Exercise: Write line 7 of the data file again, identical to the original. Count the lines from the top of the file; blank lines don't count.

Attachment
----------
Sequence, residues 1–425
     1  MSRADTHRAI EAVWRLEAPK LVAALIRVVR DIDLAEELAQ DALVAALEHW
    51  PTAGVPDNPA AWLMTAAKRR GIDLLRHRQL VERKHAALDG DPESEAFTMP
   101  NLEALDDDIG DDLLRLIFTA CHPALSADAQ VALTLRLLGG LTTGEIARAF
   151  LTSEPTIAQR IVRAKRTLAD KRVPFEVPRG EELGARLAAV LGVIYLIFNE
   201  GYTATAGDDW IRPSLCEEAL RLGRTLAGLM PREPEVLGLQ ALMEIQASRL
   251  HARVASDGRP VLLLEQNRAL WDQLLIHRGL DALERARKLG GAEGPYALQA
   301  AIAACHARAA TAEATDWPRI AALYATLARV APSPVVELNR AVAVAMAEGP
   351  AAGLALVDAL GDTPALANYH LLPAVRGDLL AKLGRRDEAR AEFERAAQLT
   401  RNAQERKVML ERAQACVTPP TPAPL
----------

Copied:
   251  HARVASDGRP VLLLEQNRAL WDQLLIHRGL DALERARKLG GAEGPYALQA